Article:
ACPA22 Opening Speakers:
Stephanie J. Waterman, PhD, (she/her) Onondaga, Turtle Clan, Associate Professor at the Ontario Institute for Studies in Education/University of Toronto, in Leadership, Higher & Adult Education, coordinates the Student Development/Student Services in Higher Education stream. She is honored to work on the traditional lands of the Huron-Wendat, Seneca, and Mississaugas of the Credit. She is a mother, sister, auntie, and grandmother. Dr. Waterman researches Indigenous student experiences and associated support units and is currently using critical geography to do so. She is a co-editor with her colleagues Dr. Heather J. Shotton and Shelly C. Lowe of Beyond the Asterisk: Understanding Native Students in Higher Education (2013) and Beyond Access: Indigenizing Programs for Native Student Success (2018) (Stylus). She is currently working on an edited book with Dr. Charlotte Davidson tentatively titled Indigenous Practices in Higher Education Classrooms. Dr. Waterman had the honor to serve as co-editor with Dr. D-L Stewart on the 2020 Journal of College Student Development Special Issue on Race, Indigeneity & Relationship in Student Affairs and Higher Education. Dr. Waterman is in this profession to educate those who work with Indigenous students, and those who teach student and academic affairs personnel, about Indigenous students, so that our students will have fulfilling experiences that support their whole being. She firmly believes that this knowledge informs our work with all students and the academy.
Dr. Steve D. Mobley, Jr., is a proud native of Washington, DC and has dedicated his life to enhancing the post-secondary educational experiences of underrepresented students. He is currently an assistant professor of higher education administration at The University of Alabama in the department of Educational Leadership, Policy, and Technology Studies. His scholarship focuses on the contemporary placement of Historically Black Colleges and Universities (HBCUs). Particularly, Dr. Mobley, Jr.’s research underscores and highlights the understudied facets of HBCU communities including issues surrounding race, social class, and student sexuality.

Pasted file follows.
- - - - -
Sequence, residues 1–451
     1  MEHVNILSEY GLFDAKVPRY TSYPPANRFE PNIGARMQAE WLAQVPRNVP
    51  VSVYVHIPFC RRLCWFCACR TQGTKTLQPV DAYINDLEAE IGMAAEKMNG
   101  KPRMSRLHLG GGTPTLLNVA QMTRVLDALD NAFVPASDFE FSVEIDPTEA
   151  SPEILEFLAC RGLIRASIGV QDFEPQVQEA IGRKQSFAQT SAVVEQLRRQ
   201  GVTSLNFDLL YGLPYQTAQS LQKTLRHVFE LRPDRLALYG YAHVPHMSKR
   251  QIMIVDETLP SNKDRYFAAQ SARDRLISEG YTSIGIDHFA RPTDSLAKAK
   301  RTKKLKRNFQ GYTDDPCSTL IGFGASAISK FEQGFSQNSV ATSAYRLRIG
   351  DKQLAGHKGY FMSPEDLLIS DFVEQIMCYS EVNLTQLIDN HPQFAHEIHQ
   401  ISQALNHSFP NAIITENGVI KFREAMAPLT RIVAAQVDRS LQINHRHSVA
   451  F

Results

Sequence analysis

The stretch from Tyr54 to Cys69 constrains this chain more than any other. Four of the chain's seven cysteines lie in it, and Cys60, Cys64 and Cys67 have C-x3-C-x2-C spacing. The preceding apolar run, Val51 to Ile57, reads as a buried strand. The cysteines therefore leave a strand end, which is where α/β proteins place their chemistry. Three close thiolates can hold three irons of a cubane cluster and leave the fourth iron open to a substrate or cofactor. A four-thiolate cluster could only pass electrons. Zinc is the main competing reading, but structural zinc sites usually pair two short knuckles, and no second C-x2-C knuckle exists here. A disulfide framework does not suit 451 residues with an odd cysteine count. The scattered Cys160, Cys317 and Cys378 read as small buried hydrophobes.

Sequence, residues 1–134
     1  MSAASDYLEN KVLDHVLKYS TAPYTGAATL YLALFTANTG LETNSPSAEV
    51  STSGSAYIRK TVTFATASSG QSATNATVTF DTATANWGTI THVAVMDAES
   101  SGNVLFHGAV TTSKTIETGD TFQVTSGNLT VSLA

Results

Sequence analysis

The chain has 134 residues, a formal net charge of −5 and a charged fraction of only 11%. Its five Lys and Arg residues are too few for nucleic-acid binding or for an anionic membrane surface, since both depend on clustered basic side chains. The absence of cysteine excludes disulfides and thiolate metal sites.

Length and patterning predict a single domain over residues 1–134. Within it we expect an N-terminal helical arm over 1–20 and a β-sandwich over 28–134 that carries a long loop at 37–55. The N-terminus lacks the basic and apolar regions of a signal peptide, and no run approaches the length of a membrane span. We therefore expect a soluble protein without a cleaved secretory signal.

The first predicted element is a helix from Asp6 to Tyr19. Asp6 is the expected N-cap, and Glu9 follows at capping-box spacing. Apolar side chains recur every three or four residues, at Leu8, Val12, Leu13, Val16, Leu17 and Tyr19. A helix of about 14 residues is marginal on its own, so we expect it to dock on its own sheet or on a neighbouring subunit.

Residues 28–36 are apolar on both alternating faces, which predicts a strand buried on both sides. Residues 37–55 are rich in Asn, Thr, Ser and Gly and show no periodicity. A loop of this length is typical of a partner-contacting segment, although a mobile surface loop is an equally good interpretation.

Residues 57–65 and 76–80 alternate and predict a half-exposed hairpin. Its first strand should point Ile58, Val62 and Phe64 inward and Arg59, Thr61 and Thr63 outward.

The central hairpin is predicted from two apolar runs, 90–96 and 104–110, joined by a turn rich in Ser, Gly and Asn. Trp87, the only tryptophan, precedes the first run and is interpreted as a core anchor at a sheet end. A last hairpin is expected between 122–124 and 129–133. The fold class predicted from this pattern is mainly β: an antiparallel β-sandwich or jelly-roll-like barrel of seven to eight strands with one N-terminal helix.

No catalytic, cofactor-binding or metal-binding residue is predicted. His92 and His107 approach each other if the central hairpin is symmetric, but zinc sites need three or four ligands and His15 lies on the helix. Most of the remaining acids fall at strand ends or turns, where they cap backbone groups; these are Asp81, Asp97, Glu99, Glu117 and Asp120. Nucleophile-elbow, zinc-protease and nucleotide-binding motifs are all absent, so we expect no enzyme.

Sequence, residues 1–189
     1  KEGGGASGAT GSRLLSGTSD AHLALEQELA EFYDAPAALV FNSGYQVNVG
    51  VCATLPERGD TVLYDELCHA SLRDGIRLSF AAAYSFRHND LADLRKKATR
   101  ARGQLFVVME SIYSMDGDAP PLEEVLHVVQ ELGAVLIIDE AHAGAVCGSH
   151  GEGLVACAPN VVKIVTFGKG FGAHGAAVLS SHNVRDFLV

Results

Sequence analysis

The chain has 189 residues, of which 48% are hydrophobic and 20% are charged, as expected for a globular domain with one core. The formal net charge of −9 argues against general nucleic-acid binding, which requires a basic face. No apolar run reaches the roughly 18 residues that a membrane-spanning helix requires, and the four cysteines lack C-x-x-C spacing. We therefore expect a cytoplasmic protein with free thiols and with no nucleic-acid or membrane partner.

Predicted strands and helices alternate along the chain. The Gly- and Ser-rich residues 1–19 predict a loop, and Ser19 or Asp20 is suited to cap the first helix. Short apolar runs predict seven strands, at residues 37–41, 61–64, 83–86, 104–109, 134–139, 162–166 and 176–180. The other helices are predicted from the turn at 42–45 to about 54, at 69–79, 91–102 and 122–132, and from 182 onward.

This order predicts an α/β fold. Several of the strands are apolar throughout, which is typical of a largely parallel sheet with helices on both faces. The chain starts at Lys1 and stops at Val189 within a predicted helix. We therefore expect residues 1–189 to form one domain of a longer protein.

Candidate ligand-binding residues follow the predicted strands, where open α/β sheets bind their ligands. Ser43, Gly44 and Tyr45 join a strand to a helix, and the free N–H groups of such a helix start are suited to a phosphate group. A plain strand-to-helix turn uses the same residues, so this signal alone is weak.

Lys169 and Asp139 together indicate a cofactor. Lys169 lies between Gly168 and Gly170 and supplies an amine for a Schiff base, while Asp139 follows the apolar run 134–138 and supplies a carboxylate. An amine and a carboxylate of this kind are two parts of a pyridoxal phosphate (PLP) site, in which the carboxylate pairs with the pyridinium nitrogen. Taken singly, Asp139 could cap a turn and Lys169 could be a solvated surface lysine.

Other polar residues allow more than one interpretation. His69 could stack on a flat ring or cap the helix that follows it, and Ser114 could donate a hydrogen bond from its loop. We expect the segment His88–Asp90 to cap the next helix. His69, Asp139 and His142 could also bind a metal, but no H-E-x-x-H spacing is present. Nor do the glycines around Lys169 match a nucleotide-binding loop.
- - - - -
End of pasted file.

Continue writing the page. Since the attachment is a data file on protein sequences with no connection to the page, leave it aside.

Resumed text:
Dr. Mobley, Jr. also has extensive experience in the field of higher education. Most recently, he served as Associate Director of the undergraduate program at Georgetown University’s McDonough School of Business. Prior to arriving at Georgetown, he held appointments in academic affairs at the University of Maryland and taught courses in The College of Education, Undergraduate Studies, and the Academic Achievement Programs (A TRiO Initiative). He earned his B.A. in Communication & Culture from Howard University. Upon graduating from Howard he completed his Master’s in Higher Education Management from the University of Pennsylvania, and earned his Ph.D. in Higher Education from the University of Maryland.
His scholarly work has also garnered national attention and commendation as he is a 2021-2023 College Student Educators International (ACPA) Emerging Scholar-Designee, 2019 ACPA Coalition on Men & Masculinities Tracy Davis Emerging Research Award, the 2019 ACPA Coalition of Sexuality and Gender Identities (CSGI) Research Recognition Award, and the 2018 Article of the Year Award from the American Educational Research Association’s (AERA) Queer Studies Special Interest Group (SIG). Dr. Mobley, Jr. was also recognized with three national dissertation awards. His dissertation, Difference Amongst Your Own: The Lived Experiences of Low-Income African-American Students and Their Encounters with Class within Elite Historically Black College (HBCU) Environments has received recognition from the American Association of Blacks in Higher Education (AABHE), the National Association of Diversity Officers in Higher Education (NADOHE) and the Southern Association for College Student Affairs (SACSA) respectively.
Dr. Mobley, Jr.’s scholarship has also been published in Teachers College Record, The Journal of Higher Education, the Journal of Homosexuality, The Urban Review, the Journal of Diversity in Higher Education, Oracle: The Research Journal of the Association of Fraternity/Sorority Advisors, the Journal of College Student Retention: Research, Theory & Practice, and the International Journal of Qualitative Studies in Education.
Dr. John C. Hernandez (he/him) was appointed President of Irvine Valley College (IVC) in July 2020. Reporting to the South Orange County Community College District Chancellor, his responsibilities include providing leadership in the development of a sustainable master plan; developing and monitoring the college budget and ensuring resources are allocated efficiently; supporting learning, teaching, and student success; ensuring optimum services are offered in all areas of student life; providing leadership in the development of a comprehensive enrollment management plan; and working with district and college administrators and leaders of the Academic and Classified Senates to establish and achieve institutional goals.
Dr. Hernandez previously served as President of Santiago Canyon College (SCC) from July 2017 to 2020. The year prior to his appointment, he served in the role on an interim basis. In both roles, he provided leadership in institutional planning, allocation of fiscal resources, human resources, facilities, and the delivery of educational programs and services to advance student learning and success.